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Bahrain crackdown: ‘Opposition in dire need of media spotlight’

Published time: April 07, 2012 18:18
Edited time: April 08, 2012 01:36

Bahraini demonstrators throw Molotov cocktails at a police water cannon vehicle after clashes erupted during a protest calling for the release of a jailed activist in the village of Jidhafs, west of Manama, on April 6, 2012. (AFP Photo/STR)

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Bahrain security forces have again clamped down on protesters, as thousands marched in support of a human rights activist facing a life sentence. The regime, under increasing international pressure over the issue, has promised to review his case.

The Bahraini Supreme Judicial Council is currently studying an appeal to transfer Abdulhadi al-Khawaja to Denmark, the official Bahrain News Agency reported on Saturday. However, the report gave no possible timetable for the decision.

Al-Khawaja, along with seven other top opposition figures, was arrested last year and sentenced to life for anti-state crimes. Nearly two months ago he started a hunger strike, which has given more momentum to the movement and brought thousands to the streets, as well as putting Bahrain in the media spotlight again.

On Friday, as thousands marched in support of Al-Khawaja in the capital Manama, Bahraini security forces used tear-gas, water cannon and stun grenades to disperse the crowd.

An uprising against the Saudi-backed Al Khalifa regime in Bahrain began some 14 month ago, and since then the protests have faced violent crackdowns by Bahraini security forces. The UN estimates that 13 people have been killed as a result of police brutality during anti-regime protests since the beginning of this year.

Despite the current “silent western stance” on the situation, Middle East expert Ali Rizk believes Bahrain will increasingly come under scrutiny.

“More and more such acts, I think, will further expose the true nature or the true tactics which the regime is using,” Rizk said. “It also puts more pressure on certain Western powers or certain European countries in order to change their stance vis-à-vis the regime in Bahrain.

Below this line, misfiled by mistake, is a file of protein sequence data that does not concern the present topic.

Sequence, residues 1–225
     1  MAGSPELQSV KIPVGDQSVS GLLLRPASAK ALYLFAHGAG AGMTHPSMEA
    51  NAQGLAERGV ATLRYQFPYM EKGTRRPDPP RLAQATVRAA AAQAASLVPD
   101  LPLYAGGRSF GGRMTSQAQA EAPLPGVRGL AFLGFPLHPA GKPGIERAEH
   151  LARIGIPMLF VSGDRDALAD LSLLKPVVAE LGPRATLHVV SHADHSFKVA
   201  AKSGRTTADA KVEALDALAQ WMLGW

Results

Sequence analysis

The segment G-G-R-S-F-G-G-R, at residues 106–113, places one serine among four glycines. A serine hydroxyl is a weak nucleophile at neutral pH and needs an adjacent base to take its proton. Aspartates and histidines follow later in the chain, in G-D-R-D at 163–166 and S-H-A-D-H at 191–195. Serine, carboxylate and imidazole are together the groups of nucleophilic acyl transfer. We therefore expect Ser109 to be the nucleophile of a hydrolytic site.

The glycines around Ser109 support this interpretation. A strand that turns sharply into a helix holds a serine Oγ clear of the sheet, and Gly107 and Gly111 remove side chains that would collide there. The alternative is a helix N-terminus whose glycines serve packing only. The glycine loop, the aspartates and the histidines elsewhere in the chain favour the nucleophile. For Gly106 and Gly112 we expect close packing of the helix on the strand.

The Bahraini opposition is in dire need of the media spotlight, believes Rizk, because this could contribute much to achieving their goals and help them gain “some of the rights that they are demanding.”

Saudi Arabia and Bahrain are the US’s two closest allies in the region. The US Fifth Fleet is stationed in Bahrain and would be vital for the US in the event of a military campaign against Iran. And Rizk believes that is one of the main reasons the US media is attacking Iran’s ally, Syria, while remaining absolutely silent about the situation in Bahrain.

The view is shared by journalist and anti-war activist Don DeBar who says that maintaining the Fifth Fleet is the only interest of the US in Bahrain. “The Bahraini people are nothing but people that are supposed to service that base and keep their mouths shut while they do it.”

Rizk believes that Saudi Arabia’s desire to keep “quiet on the situation” contributes to the West’s silent stance.

When we speak about a blackout being put on Bahrain I think first and foremost this is a Saudi Arabian wish, because Saudi Arabians also fear that there might be a domino effect which could happen in the Persian Gulf, beginning from Bahrain and then spreading to Saudi Arabia,” Rizk explained.

The United States is taking a hypocritical stance in this situation, believes DeBar. “They’ve been claiming that they are in Syria over human rights, that they are in Libya over human rights and yet they are suppressing human rights in Bahrain. It shows that President Obama and Secretary of State Hillary Clinton are hypocrites, they are liars.”


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